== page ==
Dance: Badenheim 1939 Playhouse, Newcastle

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Badenheim 1939, Second Stride's new work, based on Aharon Appelfeld's novel of the same name, is about a group of middle-class Jewish holidaymakers who, either unable or unwilling to recognise the warning signs, find themselves detained in the Austrian resort town of Badenheim prior to boarding the trains that will take them to their death.

Like Appelfeld's writing, Ian Spink's direction has a broken yet consummate grace. Spink and the scriptwriter Sian Evans have plucked incidents from the book and created a beautifully observed picture of Appelfeld's cast of characters. The idyll of a Badenheim summer is effortlessly captured, the pace of events making you feel that this particular summer is both endless and final. Clearly, all is not well in Badenheim, and Spink keys into what Appelfeld describes as "the sweet illusions and insane optimism" of the Jews.

Entering into the resort's mixture of hectic activity and tranquil relaxation, we see Dr Pappenheim trying to deal with the hiccups of organising Badenheim's annual arts festival. Frau Zauberblit and her companions lounge around in wicker chairs; the conversation keeps returning to the exquisiteness of the local strawberry tarts.

Orlando Gough's music for an all-female ensemble grows increasingly Yiddish in tone and texture. But the partly operatic score also includes some finely sung passages which borrow their words from Appelfeld's text, as, for example, when Martin the pharmacist sings - rather than writes - a letter to his daughter and despairs of Trude, his sickly wife, whose waking hours are plagued by hallucinations and irrational thoughts. More transfixing, however, is the yanuka's (or child prodigy's) song with its melancholic rise and fall; and the twins' poetry recital - all staccato, monosyllabic unison.

As retired prostitutes Sally and Gertie, Lucy Burge and Linda Dobell are the liveliest double-act in town. As the head waiter and as Karl - a man obsessed by the survival tactics of aquarium fish - Philippe Giraudeau brings striking dramatic precision to both movement and speech. Brian Lipson's Pappenheim conveys the doctor's self-deception and extrovert personality. And Betsy Gregory gives a persuasive performance as the waitress who, in a drunken and fretful moment of exhibitionism, slashes at her thigh with a knife.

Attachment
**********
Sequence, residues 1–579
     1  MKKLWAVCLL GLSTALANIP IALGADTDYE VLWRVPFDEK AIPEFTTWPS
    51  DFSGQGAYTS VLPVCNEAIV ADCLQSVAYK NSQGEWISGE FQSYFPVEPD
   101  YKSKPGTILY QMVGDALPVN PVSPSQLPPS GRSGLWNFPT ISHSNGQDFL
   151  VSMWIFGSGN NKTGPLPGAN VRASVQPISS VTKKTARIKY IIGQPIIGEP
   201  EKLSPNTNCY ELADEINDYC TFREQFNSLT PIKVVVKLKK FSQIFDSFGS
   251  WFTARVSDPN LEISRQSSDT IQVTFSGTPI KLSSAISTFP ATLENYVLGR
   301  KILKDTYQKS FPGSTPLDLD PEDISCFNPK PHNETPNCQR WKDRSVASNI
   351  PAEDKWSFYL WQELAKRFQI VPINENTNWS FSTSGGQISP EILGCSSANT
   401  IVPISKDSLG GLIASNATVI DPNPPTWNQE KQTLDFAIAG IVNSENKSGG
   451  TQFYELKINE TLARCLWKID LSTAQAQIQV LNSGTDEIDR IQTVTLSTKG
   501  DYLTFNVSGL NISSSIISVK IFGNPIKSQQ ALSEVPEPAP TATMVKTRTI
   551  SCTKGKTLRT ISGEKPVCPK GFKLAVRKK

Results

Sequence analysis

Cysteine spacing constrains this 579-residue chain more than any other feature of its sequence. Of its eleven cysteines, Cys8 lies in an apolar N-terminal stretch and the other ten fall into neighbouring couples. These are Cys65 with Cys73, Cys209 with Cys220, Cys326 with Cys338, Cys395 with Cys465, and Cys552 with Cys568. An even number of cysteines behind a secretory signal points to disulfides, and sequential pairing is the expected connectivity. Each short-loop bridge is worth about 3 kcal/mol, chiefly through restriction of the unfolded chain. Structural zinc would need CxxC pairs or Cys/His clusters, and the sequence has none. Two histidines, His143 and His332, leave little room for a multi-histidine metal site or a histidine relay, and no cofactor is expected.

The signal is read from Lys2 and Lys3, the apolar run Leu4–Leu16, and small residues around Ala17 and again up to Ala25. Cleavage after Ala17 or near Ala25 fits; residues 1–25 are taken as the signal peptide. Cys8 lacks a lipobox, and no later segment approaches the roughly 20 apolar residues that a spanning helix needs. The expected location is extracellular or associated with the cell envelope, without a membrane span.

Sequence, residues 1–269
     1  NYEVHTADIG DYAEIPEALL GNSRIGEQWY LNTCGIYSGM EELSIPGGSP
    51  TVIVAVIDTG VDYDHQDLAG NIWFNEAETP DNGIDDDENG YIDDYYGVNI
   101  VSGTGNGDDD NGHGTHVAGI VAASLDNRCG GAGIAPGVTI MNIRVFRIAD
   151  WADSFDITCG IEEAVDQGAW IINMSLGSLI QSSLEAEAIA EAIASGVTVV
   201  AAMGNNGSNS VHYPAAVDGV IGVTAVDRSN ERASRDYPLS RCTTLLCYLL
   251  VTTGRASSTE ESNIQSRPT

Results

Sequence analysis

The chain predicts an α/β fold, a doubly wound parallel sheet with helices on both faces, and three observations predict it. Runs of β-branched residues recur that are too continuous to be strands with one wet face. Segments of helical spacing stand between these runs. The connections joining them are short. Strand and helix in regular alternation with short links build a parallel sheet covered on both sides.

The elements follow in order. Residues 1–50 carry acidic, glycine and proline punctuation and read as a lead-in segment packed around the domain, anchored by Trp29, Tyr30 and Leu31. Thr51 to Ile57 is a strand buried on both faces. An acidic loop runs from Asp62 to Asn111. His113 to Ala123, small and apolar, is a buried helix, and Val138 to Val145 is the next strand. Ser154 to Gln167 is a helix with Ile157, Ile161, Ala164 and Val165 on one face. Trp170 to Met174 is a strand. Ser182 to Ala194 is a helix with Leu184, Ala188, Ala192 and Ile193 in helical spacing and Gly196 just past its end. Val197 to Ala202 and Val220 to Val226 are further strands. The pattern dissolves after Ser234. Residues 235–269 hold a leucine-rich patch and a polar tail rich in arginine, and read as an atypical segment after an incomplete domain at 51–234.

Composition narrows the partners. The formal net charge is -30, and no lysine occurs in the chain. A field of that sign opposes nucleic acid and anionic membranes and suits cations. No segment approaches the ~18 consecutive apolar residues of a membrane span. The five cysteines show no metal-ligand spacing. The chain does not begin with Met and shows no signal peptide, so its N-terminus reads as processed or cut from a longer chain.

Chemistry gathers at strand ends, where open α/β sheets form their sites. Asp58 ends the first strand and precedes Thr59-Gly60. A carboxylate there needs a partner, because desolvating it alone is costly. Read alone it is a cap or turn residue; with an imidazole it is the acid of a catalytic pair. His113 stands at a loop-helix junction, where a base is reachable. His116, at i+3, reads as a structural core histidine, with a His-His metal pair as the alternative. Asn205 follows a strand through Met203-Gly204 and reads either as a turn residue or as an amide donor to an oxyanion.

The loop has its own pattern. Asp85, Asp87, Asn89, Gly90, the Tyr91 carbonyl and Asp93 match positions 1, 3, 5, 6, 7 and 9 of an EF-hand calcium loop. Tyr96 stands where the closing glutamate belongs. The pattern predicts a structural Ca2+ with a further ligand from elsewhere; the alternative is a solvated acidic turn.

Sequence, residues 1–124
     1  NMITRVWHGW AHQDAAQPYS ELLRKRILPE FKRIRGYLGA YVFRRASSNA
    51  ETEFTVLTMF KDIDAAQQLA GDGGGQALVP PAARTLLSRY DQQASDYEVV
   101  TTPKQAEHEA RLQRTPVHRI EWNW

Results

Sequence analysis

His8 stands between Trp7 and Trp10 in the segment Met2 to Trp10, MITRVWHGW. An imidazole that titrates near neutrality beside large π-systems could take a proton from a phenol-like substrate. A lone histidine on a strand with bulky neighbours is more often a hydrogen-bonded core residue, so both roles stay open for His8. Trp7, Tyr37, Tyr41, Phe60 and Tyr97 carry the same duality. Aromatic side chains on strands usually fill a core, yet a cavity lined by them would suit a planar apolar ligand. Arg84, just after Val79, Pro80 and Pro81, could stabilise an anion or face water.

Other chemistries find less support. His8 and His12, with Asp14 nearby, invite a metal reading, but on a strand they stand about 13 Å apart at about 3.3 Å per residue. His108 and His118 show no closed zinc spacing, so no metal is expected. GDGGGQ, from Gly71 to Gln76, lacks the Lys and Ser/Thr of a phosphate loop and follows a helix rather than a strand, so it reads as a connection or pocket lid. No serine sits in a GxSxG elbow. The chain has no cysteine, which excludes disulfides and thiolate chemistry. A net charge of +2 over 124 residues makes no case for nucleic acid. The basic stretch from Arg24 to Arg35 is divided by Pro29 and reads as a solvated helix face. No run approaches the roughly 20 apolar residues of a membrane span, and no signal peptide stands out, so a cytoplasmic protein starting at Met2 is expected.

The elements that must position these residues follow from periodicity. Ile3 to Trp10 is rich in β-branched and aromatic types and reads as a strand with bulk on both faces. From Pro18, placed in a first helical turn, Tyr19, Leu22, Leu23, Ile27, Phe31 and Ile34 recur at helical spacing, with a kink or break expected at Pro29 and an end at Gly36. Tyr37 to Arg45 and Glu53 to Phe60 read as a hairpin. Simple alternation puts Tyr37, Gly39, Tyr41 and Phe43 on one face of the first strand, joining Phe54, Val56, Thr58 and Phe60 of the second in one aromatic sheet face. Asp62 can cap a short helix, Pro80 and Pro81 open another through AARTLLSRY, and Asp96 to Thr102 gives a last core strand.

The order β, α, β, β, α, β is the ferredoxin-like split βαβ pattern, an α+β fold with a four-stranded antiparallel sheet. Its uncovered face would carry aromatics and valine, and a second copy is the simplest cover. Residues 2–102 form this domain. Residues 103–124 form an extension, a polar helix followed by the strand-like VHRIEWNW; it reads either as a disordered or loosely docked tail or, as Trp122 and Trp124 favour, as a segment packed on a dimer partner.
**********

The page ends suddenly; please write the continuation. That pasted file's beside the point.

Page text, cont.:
Second Stride associate Antony McDonald has designed a stage set of movable sections - walls, ramp and two-dimensional roofline - to eventually become the train that is to take the Jews to a new life in Poland, but turns out to be a fatal trap. Images and single sentences projected on the framing beams - "It seemed not like light but needles cutting the carpet into squares" - serve as indicators of atmosphere rather than plot for each of the scenes.

The summer seems to last for ever as the Badenheimers speak optimistically of their cold ("but it's a healthy cold") destination and take Polish lessons, psychologically blocking out the brutal reality that awaits them - just as the Sanitation Department has erected physical barriers to isolate Badenheim from the outside world. Throughout Appelfeld's novel you anticipate what will happen to the community of Jews; in Second Stride's production, their fate hangs even heavier in the air, the slow suffocation of Badenheim's pleasures a telling metaphor for the gradual extermination of a people.

n Riverside Studios, London W6, 9-11 Nov (0181-741 2255); Theatre Royal, Bury St Edmunds, 23-25 Nov (01284 769505); Crucible Theatre, Sheffield, 30 Nov-2 Dec (0114 2769922)